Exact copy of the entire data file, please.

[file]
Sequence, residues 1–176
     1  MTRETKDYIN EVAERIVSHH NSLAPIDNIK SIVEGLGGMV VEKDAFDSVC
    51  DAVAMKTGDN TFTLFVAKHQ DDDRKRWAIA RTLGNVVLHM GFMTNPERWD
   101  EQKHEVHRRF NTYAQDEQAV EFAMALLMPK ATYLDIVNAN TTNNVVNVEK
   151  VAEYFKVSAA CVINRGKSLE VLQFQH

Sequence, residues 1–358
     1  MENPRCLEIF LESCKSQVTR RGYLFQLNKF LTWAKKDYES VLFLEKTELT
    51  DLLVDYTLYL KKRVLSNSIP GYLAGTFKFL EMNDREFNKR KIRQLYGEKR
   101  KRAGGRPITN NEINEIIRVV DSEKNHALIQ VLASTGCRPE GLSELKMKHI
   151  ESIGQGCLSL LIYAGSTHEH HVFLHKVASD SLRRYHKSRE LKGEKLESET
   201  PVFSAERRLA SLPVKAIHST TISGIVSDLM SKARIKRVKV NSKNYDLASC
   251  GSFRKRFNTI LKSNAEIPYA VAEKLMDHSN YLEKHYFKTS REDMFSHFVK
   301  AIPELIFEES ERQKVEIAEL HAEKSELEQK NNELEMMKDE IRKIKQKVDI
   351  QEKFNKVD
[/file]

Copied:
Sequence, residues 1–176
     1  MTRETKDYIN EVAERIVSHH NSLAPIDNIK SIVEGLGGMV VEKDAFDSVC
    51  DAVAMKTGDN TFTLFVAKHQ DDDRKRWAIA RTLGNVVLHM GFMTNPERWD
   101  EQKHEVHRRF NTYAQDEQAV EFAMALLMPK ATYLDIVNAN TTNNVVNVEK
   151  VAEYFKVSAA CVINRGKSLE VLQFQH

Sequence, residues 1–358
     1  MENPRCLEIF LESCKSQVTR RGYLFQLNKF LTWAKKDYES VLFLEKTELT
    51  DLLVDYTLYL KKRVLSNSIP GYLAGTFKFL EMNDREFNKR KIRQLYGEKR
   101  KRAGGRPITN NEINEIIRVV DSEKNHALIQ VLASTGCRPE GLSELKMKHI
   151  ESIGQGCLSL LIYAGSTHEH HVFLHKVASD SLRRYHKSRE LKGEKLESET
   201  PVFSAERRLA SLPVKAIHST TISGIVSDLM SKARIKRVKV NSKNYDLASC
   251  GSFRKRFNTI LKSNAEIPYA VAEKLMDHSN YLEKHYFKTS REDMFSHFVK
   301  AIPELIFEES ERQKVEIAEL HAEKSELEQK NNELEMMKDE IRKIKQKVDI
   351  QEKFNKVD